The very wide acceptance of Compound Protocol’s approach set off a chain reaction of platforms incorporating similar liquidity incentives into their strategy. Ultimately, this lead to the very fast proliferation of platforms offering yield farming opportunities in an effort to capture the market. A perfect example of this is what is coined as De-Fi summer (June-July 2020), where the first explosion of De-Fi platforms occurred.
Why All The Hype?
Two reasons account for this. First is the attraction of good returns on investment. Many new projects offer yield farming opportunities, with rewards in the form of the project’s native tokens. Lots of people aspire to be early farmers in the hope that the tokens will swiftly increase in value such that they can trade their earnings and make a good profit.
Secondly, lots of Yield Farming platforms offer interest rates far higher than traditional fiat banks. Hence more and more people are going into yield farming rather than keeping money in the bank.
What Are The Risks of Yield Farming?
Despite all the promises and glitter that yield farming is, it has some very notable downsides and risks worthy of mention.
Users who adopt Ethereum-based De-Fi projects (the majority of De-Fi users) face very expensive transaction fees, especially in high congestion periods. It is not uncommon to experience transaction fees of tens of dollars and sometimes, hundreds. In fact, a ridiculously high amount of $486 was once registered as a transaction fee in 2020! This creates implications for the average De-Fi investor, those who go into yield farming with a small deposit may discover that it will take them a long time before they can earn enough to be in profit after the deduction of transaction fees. This issue is not so much of a problem these days as blockchains such as the BSC boast much lower transaction fees in comparison to the Ethereum Network.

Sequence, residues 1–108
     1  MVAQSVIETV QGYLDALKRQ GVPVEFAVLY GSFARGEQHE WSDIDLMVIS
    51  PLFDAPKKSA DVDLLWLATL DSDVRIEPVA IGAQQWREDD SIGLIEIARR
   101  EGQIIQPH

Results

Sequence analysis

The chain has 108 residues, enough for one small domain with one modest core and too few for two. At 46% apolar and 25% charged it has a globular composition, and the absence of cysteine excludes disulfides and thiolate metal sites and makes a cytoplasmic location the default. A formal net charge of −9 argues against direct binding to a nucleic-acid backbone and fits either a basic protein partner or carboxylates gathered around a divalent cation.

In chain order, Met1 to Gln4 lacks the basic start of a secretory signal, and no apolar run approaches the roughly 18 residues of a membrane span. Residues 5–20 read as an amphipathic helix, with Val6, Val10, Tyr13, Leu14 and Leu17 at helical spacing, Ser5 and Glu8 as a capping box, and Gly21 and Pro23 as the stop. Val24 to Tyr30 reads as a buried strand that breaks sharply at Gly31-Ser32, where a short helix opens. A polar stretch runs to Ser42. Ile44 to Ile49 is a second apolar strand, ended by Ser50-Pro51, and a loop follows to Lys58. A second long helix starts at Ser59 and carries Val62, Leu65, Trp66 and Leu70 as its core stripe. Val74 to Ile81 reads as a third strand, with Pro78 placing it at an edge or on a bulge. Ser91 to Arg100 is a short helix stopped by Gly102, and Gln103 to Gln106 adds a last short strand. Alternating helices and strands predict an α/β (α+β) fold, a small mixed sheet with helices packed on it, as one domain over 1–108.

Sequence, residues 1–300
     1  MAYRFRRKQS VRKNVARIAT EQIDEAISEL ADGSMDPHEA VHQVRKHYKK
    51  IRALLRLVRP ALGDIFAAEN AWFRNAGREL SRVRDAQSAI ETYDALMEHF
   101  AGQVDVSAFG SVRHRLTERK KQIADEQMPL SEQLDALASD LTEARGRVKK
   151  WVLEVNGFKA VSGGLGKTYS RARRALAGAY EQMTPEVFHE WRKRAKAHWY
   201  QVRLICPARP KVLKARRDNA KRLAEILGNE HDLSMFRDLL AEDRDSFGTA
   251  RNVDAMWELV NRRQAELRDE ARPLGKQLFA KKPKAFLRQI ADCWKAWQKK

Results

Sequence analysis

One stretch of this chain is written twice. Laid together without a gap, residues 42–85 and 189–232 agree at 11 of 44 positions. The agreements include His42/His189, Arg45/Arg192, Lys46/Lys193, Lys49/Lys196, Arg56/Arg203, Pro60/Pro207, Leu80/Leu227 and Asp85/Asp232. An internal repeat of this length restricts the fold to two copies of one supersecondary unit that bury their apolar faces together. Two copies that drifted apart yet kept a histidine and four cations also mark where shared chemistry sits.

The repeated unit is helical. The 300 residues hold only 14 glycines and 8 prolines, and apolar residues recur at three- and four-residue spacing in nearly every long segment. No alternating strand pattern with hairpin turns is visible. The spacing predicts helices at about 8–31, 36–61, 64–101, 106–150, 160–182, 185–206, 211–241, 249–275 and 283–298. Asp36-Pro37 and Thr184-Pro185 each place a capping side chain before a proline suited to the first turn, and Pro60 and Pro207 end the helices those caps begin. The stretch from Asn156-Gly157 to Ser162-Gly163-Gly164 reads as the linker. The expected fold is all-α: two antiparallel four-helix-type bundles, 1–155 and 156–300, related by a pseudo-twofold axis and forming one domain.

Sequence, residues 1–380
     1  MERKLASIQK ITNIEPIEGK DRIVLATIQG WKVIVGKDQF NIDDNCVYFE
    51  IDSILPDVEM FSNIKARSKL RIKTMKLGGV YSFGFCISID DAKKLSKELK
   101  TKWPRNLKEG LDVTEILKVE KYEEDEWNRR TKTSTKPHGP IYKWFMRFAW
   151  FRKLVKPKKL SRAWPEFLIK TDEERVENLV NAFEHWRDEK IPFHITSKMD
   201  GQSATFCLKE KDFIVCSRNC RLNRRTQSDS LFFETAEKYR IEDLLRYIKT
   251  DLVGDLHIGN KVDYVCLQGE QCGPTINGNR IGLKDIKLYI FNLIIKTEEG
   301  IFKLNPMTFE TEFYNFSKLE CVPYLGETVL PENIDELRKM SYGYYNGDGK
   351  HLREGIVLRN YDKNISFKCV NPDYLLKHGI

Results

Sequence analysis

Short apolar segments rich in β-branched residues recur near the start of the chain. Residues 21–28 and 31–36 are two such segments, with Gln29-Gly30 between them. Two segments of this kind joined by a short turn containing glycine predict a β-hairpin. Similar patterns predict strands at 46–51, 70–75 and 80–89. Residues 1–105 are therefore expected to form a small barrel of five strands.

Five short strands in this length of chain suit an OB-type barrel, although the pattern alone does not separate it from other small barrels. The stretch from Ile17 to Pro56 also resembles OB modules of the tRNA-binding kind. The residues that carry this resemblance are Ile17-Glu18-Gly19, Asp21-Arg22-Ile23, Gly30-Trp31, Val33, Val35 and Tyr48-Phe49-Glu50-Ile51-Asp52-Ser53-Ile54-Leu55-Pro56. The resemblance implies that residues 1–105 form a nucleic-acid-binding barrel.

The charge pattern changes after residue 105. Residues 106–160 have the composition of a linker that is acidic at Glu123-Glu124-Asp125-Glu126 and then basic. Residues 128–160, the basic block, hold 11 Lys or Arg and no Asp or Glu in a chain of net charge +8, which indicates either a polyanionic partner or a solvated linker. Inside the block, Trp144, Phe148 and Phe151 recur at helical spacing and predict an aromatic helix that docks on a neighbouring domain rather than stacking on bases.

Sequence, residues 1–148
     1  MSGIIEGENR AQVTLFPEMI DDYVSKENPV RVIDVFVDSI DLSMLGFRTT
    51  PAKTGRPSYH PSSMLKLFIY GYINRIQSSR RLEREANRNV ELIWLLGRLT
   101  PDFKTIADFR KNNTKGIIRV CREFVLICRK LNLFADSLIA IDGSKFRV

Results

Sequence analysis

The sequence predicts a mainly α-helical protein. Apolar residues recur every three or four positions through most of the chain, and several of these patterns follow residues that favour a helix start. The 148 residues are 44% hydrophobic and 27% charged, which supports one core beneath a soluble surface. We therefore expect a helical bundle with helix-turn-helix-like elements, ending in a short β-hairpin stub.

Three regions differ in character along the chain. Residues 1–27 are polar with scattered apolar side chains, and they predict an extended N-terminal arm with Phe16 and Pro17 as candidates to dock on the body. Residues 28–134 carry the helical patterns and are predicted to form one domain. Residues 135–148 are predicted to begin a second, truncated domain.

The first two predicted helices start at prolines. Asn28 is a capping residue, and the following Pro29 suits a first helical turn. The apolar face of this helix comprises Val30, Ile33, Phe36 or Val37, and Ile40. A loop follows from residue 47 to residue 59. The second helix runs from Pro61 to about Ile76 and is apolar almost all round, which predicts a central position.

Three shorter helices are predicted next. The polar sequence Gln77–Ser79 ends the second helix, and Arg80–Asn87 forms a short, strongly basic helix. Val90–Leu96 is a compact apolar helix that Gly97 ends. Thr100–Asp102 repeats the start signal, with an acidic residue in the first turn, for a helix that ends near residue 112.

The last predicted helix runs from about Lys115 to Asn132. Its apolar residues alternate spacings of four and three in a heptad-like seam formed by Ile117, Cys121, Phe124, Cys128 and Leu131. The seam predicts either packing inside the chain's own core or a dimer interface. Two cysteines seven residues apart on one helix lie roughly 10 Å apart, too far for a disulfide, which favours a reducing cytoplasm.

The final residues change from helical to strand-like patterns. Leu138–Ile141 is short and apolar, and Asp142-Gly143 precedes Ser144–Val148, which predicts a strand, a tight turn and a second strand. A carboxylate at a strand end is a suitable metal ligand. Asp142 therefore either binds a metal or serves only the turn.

Another risk for yield farmers is the highly volatile nature of cryptocurrencies. There could be situations where a platform’s reward token falls so much in value over time that a farmer may never be able to recoup his investment.
Smart Contract Risks:
Again, it is not a pleasant experience to lose your hard-earned money to thieves, but this is a very real possibility as far as yield farming and crypto are concerned. Lots of scam projects have entered the market aiming to capitalize on hype and fraud investors. They set up their platforms, and after investors have committed their funds, the operators shut down their channels and disappear with investor’s funds. It is extremely wise to tread carefully when choosing a yield farm to invest in.
Finally, the software programs that power digital currencies often have loopholes that can be exploited by hackers. This possibility is high with projects whose codes have not been audited by a credible third-party. If there are loopholes in the smart contracts, investors’ funds are at high risk because once the loophole is discovered by malicious parts the entire funds in that farm can be siphoned in a moment. A classical case is that of Harvest.Finance that lost more than $20 million in a hack.
Source : solana.news